Enhanced flexibility to set lending rates will be one of the drivers supporting a revival in the profitability of non-banking financial company-microfinance institutions (NBFC-MFIs) this fiscal. This emanates from the Reserve Bank of India's (RBI) removal of the interest margin cap on lending rates under its new regulatory framework for microfinanciers, says a research note.
In the report, CRISIL Ratings says, "The other factors that will support the improvement in profitability include a reduction in credit cost and an increase in permissible household income limit according to the new framework. These, in turn, will help enlarge the market in terms of target borrowers and geographies, especially in the hinterland."
Additionally, the current rising interest rate environment is not expected to impair the profitability of NBFC-MFIs, as higher borrowing costs would be offset by steeper lending rates, cushioning net interest margins, it added.
According to Krishnan Sitaraman, senior director and deputy chief ratings officer of CRISIL Ratings, many NBFC-MFIs have increased their lending rates by 150-250 basis points (bps) in recent months. "This provides reasonable headroom to absorb higher borrowing costs. Lenders can also dip into their contingency provision buffer created over the past two fiscals to manage asset-quality challenges, if any, in specific states due to natural calamities or socio-political issues - without a material impact on profitability," he says.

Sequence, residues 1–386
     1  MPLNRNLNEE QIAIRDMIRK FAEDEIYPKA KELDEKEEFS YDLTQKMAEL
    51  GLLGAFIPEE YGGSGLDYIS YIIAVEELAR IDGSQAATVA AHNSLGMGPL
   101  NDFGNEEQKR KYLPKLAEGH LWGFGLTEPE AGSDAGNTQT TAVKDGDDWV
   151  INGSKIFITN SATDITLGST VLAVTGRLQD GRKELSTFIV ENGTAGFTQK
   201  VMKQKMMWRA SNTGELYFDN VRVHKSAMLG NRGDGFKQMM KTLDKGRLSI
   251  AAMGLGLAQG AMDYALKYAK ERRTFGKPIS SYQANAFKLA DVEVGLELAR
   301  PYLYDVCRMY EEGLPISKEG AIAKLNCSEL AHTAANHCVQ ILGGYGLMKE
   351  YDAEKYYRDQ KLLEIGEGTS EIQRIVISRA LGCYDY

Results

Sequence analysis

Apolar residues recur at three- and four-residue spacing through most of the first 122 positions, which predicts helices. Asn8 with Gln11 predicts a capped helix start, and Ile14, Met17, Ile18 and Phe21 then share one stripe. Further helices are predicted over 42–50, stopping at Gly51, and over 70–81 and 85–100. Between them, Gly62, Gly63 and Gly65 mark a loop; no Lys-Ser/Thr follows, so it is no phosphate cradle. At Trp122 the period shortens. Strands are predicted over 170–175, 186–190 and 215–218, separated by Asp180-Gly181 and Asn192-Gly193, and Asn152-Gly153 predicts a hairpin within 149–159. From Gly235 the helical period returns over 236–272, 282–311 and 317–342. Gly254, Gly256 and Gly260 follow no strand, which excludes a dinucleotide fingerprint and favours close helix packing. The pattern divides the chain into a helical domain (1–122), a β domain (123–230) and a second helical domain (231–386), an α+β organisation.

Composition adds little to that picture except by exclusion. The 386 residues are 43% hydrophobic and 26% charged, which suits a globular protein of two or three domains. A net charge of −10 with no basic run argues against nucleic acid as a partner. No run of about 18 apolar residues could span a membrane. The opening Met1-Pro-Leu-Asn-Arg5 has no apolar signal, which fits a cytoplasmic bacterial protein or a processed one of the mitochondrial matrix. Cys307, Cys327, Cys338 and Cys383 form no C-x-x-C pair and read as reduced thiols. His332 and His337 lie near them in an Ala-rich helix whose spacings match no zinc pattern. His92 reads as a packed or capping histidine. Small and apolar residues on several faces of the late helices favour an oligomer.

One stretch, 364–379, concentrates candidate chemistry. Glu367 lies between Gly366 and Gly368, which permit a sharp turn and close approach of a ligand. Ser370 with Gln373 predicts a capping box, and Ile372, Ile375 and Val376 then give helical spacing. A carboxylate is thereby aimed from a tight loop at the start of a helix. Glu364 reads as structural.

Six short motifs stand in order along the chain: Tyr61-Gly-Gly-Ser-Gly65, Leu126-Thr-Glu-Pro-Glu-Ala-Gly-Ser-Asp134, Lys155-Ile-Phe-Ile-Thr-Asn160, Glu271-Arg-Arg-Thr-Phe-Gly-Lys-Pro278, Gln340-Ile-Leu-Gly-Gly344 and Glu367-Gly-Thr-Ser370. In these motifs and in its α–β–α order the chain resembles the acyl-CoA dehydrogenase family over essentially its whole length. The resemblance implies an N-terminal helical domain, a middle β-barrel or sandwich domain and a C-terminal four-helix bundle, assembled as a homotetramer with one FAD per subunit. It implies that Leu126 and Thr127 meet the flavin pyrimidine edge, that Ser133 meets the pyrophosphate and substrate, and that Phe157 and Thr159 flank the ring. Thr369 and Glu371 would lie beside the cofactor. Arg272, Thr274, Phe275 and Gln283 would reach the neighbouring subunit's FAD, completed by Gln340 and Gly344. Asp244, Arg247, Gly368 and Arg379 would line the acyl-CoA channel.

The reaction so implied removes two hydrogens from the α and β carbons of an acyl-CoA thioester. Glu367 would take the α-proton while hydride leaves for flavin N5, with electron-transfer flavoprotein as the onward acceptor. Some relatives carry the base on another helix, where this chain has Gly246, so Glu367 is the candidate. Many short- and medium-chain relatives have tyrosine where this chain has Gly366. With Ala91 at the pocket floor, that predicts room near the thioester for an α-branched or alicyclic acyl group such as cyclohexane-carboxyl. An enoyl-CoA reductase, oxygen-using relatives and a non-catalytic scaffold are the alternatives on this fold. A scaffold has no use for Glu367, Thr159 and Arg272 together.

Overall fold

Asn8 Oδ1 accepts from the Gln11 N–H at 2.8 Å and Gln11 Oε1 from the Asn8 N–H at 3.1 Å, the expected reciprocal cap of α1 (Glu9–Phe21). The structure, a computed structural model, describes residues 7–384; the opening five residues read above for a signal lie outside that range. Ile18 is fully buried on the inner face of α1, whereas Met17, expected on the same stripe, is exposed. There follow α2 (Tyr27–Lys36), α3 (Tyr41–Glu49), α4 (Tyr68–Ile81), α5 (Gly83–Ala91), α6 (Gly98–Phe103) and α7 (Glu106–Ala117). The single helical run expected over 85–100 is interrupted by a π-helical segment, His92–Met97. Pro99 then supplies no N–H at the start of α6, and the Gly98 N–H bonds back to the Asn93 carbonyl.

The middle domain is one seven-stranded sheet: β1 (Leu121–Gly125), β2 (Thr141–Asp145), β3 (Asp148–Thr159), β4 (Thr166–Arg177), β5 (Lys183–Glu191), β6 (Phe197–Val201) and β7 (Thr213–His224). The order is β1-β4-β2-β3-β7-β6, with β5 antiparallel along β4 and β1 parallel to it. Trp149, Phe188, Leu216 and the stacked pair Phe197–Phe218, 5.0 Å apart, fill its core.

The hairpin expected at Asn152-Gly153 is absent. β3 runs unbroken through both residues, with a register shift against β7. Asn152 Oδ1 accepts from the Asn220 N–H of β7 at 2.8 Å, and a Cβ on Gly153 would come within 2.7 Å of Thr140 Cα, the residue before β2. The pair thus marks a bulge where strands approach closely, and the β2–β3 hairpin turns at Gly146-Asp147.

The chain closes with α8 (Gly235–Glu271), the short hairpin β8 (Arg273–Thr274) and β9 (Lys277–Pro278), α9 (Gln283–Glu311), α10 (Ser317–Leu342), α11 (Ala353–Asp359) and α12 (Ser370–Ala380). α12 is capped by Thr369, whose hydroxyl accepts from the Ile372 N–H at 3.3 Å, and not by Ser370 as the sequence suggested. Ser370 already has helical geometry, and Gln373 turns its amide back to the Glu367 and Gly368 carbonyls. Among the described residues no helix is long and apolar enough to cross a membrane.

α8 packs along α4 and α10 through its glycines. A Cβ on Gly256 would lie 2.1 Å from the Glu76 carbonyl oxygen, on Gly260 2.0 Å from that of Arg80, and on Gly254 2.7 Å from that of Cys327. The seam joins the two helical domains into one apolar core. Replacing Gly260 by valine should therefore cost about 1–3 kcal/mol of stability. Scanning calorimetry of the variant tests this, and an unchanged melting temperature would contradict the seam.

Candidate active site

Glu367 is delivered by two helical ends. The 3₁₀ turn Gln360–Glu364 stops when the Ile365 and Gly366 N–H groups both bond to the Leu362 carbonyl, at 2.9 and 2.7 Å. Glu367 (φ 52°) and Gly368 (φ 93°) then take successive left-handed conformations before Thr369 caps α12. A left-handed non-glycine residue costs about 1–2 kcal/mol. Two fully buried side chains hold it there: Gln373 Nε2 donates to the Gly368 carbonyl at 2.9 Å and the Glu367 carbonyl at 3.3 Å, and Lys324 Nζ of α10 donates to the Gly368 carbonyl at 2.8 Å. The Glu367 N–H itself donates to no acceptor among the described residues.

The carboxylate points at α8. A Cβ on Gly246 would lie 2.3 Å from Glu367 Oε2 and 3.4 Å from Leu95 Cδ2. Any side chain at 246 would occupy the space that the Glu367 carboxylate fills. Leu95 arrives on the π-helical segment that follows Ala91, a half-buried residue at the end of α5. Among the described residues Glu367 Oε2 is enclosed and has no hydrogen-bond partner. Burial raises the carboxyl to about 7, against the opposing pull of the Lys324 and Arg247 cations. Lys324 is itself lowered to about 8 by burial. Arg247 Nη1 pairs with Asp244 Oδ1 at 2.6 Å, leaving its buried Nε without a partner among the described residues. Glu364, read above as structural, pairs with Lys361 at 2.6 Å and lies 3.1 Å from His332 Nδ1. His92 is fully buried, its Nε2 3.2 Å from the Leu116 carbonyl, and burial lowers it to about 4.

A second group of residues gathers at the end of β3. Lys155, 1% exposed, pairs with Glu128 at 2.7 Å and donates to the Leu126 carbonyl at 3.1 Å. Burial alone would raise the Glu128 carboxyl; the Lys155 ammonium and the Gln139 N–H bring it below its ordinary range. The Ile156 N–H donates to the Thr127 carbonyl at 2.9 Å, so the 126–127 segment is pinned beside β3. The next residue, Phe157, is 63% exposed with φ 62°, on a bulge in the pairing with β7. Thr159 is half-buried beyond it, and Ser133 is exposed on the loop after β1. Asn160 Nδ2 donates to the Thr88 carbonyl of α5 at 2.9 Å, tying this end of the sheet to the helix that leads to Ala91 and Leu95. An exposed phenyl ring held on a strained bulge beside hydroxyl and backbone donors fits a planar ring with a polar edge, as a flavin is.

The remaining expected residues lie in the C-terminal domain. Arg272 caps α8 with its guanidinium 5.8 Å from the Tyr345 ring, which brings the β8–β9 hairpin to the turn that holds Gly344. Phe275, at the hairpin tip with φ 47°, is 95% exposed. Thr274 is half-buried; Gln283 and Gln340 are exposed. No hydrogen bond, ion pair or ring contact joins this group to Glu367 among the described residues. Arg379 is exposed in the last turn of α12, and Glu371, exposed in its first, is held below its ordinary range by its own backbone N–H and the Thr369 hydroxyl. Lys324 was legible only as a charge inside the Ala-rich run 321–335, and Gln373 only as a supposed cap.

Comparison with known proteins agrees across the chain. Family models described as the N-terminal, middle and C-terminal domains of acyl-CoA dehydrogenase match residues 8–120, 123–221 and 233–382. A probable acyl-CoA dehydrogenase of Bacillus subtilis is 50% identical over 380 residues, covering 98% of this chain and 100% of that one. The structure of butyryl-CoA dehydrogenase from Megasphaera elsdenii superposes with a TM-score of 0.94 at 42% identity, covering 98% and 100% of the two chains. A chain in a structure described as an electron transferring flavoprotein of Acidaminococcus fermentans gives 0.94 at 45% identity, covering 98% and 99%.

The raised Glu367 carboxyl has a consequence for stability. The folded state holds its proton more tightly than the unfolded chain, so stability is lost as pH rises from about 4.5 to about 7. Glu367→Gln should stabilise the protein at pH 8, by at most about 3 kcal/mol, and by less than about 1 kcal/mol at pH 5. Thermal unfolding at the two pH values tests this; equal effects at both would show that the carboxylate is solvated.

Over the past two fiscals, the annual credit cost of NBFC-MFIs had shot up to around 4%-5% because of pandemic-related provisioning, versus about 1.5%-2.0% prior to that. With asset-quality pressures gradually easing and sizeable provision buffers created, the rating agency expects their credit cost to decline to about 2.5-2.8% this fiscal (see chart below).
In this context, the new RBI framework augurs well for the next phase of growth for NBFC-MFIs, it says, adding, "The higher income eligibility threshold and enhanced flexibility to price loans will spur deeper penetration into existing markets and entry into new geographies. That, together with rising demand for loans in rural India, should drive NBFC-MFIs' credit growth, which is expected at 25-30% this year."
Poonam Upadhyay, director of CRISIL Ratings says, "One issue that this segment has been facing for some time now is potential over-indebtedness of borrowers. The introduction of a cap on total monthly repayment obligations of borrowers will persuade lenders to tighten their processes to assess borrower indebtedness. That will induce sustainable growth over the long run."
The new regulatory guidelines also focus on the assessment of household income of the borrower, besides credit assessment. The robustness of the income assessment framework and related policies, that NBFC-MFIs will implement in the revised dispensation, will remain a monitorable.
According to CRISIL, even asset-quality stress, which has started to ease, is still higher than pre-pandemic levels. As of March 2022, over 30 portfolio at risk (PAR) for NBFC-MFIs stood at about 10% versus around 16% as of June 2021. "For full normalisation of asset quality, this improvement in PAR has to sustain and there should be no material slippages from the restructured portfolio."
"Most of the larger NBFC-MFIs have navigated the pandemic by focusing on sustenance of adequate liquidity, provisioning and capitalisation buffers, which supported their credit profiles. Support from strong parents has also helped a number of lenders. The impact of future waves of the pandemic and a sharper-than-expected increase in interest rates will bear watching," the rating agency concludes.